Back in the dressing room, I stretch my hamstrings, do a mix of yoga and Pilates and make sure my back is warm. As it gets closer to performance time, I apply my makeup and get into costume, and head to catering one last time to grab a banana—I keep a piece of fruit in the quick-change area so I can have a bite in between songs if I’m low on energy or feel a cramp coming on.
Right before we go on, we do a group prayer. And then I absolutely have to do the first 32 counts of ‘Formation’ three times in a row. Otherwise, I feel like I might mess up, which cannot happen at the beginning of the show. I’m the first person onstage on my side, so I have to be strong. If I know I have the choreography in my head, then I’m cool. It feels like I’m right at home.”
Rebello in Balanchine's Symphony in Three Movements (photo by Daniel Azoulay, courtesy MCB)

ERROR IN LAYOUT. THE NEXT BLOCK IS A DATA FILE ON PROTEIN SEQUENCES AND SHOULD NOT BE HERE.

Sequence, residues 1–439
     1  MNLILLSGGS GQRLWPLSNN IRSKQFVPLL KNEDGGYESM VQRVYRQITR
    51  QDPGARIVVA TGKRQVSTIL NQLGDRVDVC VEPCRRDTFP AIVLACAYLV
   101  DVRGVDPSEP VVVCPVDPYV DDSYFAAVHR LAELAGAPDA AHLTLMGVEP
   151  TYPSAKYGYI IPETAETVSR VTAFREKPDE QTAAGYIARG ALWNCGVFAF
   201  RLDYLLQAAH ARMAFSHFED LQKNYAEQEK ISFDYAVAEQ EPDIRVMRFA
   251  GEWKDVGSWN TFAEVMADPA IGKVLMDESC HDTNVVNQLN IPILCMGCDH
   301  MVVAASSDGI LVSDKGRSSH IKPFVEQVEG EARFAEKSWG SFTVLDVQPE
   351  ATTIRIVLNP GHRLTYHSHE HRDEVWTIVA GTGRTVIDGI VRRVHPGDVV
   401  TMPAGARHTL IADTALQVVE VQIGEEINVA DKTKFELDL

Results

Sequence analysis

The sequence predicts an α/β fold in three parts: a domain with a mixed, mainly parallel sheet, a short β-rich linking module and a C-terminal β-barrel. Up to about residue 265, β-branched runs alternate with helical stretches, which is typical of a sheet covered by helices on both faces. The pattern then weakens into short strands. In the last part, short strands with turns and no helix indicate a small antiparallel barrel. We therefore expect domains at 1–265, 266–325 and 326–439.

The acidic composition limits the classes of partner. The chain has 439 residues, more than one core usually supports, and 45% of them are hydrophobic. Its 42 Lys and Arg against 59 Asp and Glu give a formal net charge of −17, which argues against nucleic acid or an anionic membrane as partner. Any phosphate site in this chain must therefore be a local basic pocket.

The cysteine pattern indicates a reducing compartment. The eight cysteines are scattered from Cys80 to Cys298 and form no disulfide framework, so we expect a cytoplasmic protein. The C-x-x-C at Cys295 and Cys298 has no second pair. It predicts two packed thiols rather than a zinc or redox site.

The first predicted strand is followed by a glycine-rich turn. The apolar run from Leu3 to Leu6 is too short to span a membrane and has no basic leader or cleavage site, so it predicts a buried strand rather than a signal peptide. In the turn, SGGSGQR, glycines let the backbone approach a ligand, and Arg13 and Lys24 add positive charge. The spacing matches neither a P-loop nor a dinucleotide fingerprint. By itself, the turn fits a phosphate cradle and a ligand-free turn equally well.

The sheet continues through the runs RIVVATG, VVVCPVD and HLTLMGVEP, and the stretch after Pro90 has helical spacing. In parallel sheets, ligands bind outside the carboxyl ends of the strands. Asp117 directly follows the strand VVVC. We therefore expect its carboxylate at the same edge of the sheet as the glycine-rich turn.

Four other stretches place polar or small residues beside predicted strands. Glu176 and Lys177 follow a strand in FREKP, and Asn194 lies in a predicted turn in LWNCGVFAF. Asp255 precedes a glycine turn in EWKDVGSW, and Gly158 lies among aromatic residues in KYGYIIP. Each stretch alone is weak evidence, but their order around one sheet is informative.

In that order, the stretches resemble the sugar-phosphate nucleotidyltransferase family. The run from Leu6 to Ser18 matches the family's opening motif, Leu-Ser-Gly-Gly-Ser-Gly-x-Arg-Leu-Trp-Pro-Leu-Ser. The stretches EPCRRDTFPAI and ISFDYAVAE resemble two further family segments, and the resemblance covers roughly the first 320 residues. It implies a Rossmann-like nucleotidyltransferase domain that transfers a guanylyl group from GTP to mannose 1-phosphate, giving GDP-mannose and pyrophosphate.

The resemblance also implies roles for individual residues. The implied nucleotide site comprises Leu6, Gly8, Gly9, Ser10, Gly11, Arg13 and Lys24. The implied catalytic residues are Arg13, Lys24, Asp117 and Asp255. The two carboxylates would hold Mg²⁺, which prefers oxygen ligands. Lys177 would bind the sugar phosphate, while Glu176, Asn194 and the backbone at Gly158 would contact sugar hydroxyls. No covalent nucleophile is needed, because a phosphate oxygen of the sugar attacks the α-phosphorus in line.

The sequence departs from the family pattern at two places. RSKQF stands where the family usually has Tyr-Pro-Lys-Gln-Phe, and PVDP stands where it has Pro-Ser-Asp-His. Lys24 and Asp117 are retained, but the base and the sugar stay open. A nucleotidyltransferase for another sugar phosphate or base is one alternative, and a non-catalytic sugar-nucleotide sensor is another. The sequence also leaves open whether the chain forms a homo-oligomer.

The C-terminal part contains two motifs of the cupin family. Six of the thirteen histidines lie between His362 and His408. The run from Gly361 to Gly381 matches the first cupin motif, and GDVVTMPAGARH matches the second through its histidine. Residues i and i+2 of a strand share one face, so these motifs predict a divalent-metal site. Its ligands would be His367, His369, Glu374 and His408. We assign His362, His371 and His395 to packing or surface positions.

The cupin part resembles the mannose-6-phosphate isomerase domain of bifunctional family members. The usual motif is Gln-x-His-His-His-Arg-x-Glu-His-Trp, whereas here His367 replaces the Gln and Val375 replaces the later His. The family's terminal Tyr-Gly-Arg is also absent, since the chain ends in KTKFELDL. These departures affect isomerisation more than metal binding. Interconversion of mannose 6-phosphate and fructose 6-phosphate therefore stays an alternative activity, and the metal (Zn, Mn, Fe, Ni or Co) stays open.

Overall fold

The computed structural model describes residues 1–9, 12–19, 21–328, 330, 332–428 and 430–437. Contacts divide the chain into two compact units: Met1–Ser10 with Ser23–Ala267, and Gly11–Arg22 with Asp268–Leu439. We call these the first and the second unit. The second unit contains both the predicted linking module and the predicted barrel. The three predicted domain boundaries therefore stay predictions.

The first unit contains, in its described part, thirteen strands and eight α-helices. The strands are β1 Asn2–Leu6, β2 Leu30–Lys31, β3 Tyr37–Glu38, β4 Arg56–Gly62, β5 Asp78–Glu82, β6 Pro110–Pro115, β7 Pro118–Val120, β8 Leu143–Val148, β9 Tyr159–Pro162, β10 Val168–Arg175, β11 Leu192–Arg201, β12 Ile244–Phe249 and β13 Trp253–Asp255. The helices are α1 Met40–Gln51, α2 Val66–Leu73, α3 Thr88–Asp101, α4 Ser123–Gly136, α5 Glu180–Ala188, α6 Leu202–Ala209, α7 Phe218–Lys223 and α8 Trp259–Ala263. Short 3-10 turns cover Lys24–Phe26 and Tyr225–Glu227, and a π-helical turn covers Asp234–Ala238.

Kleber Rebello, Principal, Miami City Ballet
“A few days before the performance, I start drinking green smoothies every day. I use pineapple, turmeric, ginger, coconut water, cayenne pepper and kale and put a bit of everything in a blender. One blender-full makes a huge jar, so I have two cups in the morning and drink the rest at the theater.
I like getting to the theater about two hours before a show. After an hour-long warm-up, which includes barre work, Pilates, planks and push-ups, I get in costume and do my makeup before heading back to the stage to meditate.
The stage is such a sacred place, and I take into consideration all the energy that’s been there before me, and all the dancers who’ve performed there. Right before ‘places,’ I lie on the floor, put my forehead and hands on the floor and sort of bless the stage. Then, for good luck, I knock on the floor three times and give it a little kiss.”